Illinois Gov. J.B. Pritzker has signed Senate Bill 1169 into law, which he says will “clarify the legislative intent” of a bill originally designed to allow medical professionals to refuse to refuse or participate in healthcare services that violated their personal beliefs, but had been used recently to allow individuals to “improperly” evade COVID-19 vaccination, testing and masking requirements in the state.
According to a press release, the bill alters the Health Care Right of Conscience Act, and will remove conscientious objections as a basis for refusing to adhere to COVID-19 vaccine and mask mandates in the state of Illinois.
Religious and health exemptions are still permitted, according to the press release.
“Masks, vaccines and testing requirements are life-saving measures that keep our workplaces and communities safe,” Pritzker said in a statement. “Keeping workplaces safe is a high priority, and I applaud the General Assembly for ensuring that the Health Care Right of Conscience Act is no longer wrongly used against institutions who are putting safety and science first.”
The bill will go into effect on June 1, 2022. It passed the Illinois House by a 64-52 margin, with two legislators voting “present,” and passed the Senate 31-24, sending the measure to Pritzker’s desk.
The votes were split mostly along party lines, with Democrats largely supporting the measure.
“Despite deliberate attempts to misinform the public, nothing about this law takes away anyone’s rights to claim religious or medical exemption, which are protected by federal law,” House Speaker Chris Welch said. “While only a small minority of people are skirting COVID-19 requirements, our goal is to make sure workers in high-risk environments are doing what’s needed to fulfill their responsibility to public health and keep everyone alive and healthy.”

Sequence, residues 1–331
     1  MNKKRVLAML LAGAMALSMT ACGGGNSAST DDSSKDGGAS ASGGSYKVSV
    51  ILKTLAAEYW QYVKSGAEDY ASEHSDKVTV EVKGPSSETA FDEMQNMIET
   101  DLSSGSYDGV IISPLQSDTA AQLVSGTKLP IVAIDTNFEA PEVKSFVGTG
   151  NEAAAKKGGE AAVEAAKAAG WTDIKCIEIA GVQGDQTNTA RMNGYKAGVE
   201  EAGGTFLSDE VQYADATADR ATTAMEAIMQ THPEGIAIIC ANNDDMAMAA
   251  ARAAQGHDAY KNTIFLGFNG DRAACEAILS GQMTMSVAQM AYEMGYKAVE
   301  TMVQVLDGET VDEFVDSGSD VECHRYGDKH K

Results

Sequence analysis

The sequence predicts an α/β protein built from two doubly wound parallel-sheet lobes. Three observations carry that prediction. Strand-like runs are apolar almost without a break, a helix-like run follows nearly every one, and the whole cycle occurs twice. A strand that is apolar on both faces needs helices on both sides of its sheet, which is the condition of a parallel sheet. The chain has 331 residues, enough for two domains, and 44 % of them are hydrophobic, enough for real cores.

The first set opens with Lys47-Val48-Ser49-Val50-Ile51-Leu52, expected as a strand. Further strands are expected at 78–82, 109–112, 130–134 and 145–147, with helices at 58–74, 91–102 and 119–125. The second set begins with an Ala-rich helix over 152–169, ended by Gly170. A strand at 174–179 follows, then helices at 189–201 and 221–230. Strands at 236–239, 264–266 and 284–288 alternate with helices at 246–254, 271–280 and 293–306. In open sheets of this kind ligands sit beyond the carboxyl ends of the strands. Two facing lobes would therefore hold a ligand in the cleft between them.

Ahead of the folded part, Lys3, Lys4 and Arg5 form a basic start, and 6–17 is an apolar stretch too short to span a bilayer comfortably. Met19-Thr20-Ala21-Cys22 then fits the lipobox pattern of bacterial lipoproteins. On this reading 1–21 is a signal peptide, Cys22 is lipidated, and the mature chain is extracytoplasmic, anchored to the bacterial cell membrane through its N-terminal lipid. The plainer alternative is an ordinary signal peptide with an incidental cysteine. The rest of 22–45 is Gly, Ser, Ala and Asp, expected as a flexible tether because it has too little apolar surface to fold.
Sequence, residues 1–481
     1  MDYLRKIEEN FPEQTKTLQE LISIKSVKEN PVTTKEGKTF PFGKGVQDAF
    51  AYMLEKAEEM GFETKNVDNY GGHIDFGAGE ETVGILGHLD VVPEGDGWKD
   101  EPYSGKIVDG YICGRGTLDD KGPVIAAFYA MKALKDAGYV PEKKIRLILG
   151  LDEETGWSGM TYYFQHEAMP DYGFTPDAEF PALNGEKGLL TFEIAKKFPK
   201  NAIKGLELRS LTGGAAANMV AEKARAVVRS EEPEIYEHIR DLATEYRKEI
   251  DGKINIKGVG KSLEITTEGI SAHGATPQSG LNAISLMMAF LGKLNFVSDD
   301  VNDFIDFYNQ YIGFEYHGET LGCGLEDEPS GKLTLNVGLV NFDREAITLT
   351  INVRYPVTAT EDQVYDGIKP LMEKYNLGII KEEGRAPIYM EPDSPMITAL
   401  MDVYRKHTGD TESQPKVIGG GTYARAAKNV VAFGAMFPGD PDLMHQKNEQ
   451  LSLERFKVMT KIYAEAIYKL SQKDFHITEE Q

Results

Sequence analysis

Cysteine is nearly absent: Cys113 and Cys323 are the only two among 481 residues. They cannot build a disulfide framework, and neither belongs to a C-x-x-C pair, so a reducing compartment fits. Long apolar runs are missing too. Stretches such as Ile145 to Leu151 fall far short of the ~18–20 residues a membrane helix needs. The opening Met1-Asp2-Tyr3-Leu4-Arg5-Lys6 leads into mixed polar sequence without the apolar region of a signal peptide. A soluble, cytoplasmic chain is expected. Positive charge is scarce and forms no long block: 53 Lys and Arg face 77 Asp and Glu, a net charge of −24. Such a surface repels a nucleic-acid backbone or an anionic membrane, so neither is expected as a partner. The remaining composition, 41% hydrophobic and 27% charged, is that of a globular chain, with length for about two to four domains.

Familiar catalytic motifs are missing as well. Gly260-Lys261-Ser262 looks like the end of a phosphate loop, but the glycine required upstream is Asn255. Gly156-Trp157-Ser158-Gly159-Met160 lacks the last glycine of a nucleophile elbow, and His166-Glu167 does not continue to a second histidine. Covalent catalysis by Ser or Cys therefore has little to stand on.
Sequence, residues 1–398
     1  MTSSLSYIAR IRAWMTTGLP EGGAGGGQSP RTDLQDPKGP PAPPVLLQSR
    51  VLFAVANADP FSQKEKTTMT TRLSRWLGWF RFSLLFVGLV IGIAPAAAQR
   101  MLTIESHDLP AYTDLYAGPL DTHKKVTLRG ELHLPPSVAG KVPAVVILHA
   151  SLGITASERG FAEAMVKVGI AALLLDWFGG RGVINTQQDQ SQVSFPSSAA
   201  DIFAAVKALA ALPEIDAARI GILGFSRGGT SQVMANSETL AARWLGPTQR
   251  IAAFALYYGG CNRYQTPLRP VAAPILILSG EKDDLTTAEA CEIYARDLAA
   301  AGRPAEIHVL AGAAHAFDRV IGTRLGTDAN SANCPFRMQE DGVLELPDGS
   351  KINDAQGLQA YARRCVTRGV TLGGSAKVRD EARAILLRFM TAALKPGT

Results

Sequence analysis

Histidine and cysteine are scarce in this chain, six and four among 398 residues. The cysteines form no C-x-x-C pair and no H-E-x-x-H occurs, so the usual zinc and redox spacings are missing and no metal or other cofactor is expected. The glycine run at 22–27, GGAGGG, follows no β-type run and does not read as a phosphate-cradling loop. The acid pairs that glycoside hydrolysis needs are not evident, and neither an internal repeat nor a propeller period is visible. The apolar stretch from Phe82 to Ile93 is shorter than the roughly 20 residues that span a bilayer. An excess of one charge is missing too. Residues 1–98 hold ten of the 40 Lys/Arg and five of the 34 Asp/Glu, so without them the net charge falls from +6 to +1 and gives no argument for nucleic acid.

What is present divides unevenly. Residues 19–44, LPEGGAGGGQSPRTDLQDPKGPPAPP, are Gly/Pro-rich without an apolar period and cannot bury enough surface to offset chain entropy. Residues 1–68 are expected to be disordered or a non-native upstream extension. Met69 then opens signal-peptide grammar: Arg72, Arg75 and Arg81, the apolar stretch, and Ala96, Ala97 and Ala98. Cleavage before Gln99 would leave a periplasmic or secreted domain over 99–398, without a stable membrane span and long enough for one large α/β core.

Republicans criticized the bill as an overreach by Pritzker and Democrats.
“Senate Bill 1169 is a direct assault on an individuals’ right to make healthcare decisions for themselves,” State Sen. Jason Plummer said in a statement. “The governor can’t stand the fact that the people of Illinois have had enough of his mandates, and are standing up for their rights.”
According to Pritzker’s office, the Health Care Right of Conscience Act was originally passed to allow medical professionals to refuse to participate in healthcare services that are contrary to their personal beliefs, including abortion.
Some attorneys in Illinois have used the bill to aid clients that oppose mask and vaccination mandates amid the COVID pandemic, which Democrats were aiming to stop in drafting the edits to the bill that passed earlier this year.
Language was inserted into the bill stating that it is not a violation of the law to “take any measure or impose any requirements intended to prevent contraction or transmission or COVID-19.”
Individuals’ employment can be terminated, or individuals can be excluded from schools or places of employment if they fail to adhere to company mandates under provisions of the bill.
Several Republican candidates for governor, including State Sen. Darren Bailey, also spoke out against the bill, and praised fellow lawmakers who voted against the measure.
“Thank those who stood with us and voted no, and remember those who voted yes,” Bailey said after the Senate vote to approve the measure. “They must be held accountable and voted out next November.”